Project partners running a two-year study into the viability of a Northland tōtara timber industry have unveiled a website (www.totaraindustry.co.nz) to explain the project and its social, economic and environmental objectives.

Tōtara on Northland farms are being harvested selectively under a 'continuous cover forestry' model, and milled as part of a two-year project to assess whether the species can be managed sustainably for commercial use.

The Tōtara Industry Pilot (TIP) project will assess the forest resource, harvest and process up to 500 cubic metres of farm-tōtara logs, collect data and research results from drying studies and trials, conduct milling trials, product and market testing, and develop and analyse the business case for a regional tōtara timber industry.

The vision behind the project is of a regional industry based on the sustainable management of regenerating farm-tōtara, and summarised by the vision statement 'he tōtara tuturu, he iwi tū tonu', or 'sturdy tōtara, sustainable communities'.

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"TIP aims to restore the mana of this wood and improve the health and quality of tōtara on private land, resulting in an increased area of native forest on farms and Māori-owned land," project manager Elizabeth Dunningham said, while project team member Paul Quinlan said the group wanted to see tōtara valued again by land owners as it once was by Māori.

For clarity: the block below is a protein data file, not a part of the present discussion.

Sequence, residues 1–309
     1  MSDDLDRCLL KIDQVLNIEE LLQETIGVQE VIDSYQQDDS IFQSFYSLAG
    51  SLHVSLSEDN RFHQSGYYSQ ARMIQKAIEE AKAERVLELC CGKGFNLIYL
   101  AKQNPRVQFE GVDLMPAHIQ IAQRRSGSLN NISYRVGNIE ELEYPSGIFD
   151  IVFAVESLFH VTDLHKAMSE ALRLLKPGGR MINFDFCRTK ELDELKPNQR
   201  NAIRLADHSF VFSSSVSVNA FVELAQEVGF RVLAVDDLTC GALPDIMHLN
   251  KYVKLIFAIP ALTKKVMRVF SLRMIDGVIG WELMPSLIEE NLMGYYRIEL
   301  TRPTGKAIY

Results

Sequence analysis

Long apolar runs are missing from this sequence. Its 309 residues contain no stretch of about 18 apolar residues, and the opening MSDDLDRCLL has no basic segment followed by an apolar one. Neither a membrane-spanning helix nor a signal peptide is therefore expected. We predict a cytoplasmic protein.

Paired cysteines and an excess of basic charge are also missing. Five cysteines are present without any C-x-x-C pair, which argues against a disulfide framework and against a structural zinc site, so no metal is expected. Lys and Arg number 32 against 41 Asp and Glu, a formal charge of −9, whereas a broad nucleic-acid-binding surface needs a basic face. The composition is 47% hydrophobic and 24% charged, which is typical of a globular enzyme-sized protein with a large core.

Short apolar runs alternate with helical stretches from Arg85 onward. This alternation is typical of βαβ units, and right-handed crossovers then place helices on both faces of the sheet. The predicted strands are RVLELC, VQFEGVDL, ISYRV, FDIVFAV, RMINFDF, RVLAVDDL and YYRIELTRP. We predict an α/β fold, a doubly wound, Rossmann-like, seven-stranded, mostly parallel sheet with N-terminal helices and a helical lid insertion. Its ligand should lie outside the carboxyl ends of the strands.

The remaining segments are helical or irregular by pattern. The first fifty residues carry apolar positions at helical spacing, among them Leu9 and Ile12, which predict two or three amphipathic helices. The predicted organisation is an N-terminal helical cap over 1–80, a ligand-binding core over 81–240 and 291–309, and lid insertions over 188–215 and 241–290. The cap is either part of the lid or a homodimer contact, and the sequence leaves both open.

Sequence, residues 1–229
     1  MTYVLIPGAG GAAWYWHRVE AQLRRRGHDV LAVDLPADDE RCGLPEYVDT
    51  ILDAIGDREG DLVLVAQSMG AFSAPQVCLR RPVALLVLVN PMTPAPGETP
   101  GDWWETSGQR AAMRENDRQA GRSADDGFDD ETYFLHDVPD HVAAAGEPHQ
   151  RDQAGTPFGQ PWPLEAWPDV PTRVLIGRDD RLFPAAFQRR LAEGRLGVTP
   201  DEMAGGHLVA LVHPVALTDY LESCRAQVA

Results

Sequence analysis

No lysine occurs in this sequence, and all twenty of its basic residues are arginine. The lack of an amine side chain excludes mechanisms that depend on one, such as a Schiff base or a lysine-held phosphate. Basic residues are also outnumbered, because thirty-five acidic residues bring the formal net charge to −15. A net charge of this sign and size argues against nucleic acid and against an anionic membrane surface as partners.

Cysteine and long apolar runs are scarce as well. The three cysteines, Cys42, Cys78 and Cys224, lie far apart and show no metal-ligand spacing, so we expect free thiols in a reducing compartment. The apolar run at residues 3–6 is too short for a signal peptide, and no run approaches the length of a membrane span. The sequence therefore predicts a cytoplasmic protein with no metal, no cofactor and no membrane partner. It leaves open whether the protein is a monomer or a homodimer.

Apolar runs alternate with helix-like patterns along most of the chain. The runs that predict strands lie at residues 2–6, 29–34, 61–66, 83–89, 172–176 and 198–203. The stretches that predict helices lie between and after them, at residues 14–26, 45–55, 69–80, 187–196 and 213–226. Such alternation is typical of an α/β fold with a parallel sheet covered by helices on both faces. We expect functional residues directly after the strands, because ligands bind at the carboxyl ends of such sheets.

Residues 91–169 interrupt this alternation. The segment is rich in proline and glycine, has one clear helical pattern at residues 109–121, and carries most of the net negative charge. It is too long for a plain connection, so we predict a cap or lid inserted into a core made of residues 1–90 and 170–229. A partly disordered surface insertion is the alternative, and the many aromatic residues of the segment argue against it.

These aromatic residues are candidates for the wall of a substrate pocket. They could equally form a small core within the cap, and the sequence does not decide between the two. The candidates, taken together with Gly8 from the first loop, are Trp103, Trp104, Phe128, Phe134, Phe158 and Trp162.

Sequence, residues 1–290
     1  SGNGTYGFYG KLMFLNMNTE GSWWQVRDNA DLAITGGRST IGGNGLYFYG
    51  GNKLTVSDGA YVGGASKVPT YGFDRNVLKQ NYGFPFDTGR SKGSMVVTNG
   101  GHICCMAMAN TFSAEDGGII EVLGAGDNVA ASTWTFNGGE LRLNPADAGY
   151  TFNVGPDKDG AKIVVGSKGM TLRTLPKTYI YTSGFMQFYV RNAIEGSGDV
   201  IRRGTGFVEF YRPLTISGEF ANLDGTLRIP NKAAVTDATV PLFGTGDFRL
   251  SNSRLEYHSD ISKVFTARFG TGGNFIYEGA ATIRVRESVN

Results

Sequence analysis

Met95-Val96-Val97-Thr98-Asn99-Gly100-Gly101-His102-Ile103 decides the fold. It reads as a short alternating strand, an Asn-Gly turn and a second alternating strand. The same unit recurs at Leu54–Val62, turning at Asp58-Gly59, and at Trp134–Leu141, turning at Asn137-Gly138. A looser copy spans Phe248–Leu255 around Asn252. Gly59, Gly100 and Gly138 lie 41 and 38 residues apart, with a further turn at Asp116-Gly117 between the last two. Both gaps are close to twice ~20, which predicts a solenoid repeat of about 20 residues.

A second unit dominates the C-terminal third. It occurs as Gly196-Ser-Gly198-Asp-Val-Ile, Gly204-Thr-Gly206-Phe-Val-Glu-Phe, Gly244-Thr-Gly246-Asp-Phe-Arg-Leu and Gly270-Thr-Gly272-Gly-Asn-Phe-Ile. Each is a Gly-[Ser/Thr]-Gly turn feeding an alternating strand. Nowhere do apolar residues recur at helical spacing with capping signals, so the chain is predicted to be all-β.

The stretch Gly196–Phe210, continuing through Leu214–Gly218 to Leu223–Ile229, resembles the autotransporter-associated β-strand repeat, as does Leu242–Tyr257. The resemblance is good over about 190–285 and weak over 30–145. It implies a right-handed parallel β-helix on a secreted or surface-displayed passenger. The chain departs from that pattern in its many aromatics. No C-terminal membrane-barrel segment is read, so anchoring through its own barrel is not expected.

"We want to change the way land owners view this resource as something that has environmental and commercial value, something that needs to be nurtured, tended and encouraged, rather than cleared and converted to pasture," Mr Quinlan said.

TIP maintains that a successful tōtara industry will see the sustainable management of existing regenerating forest and scrubland and encourage the planting of new areas, increasing the area of native forest on private land.

The new website features a video explaining the project, an overview of its objectives, a section explaining the various workstreams, an overview of the organisations involved, a comprehensive question and answer section, and a collection of resources that the team says will be useful to anyone wanting to familiarise themselves with the project's progress and some of the academic thinking behind it.

"We understand that there will be some concerns expressed about harvesting native trees," Dr Dunningham said, "so we're doing what we can to outline our work and explain exactly what we are trying to achieve. And, perhaps more importantly, what we aren't."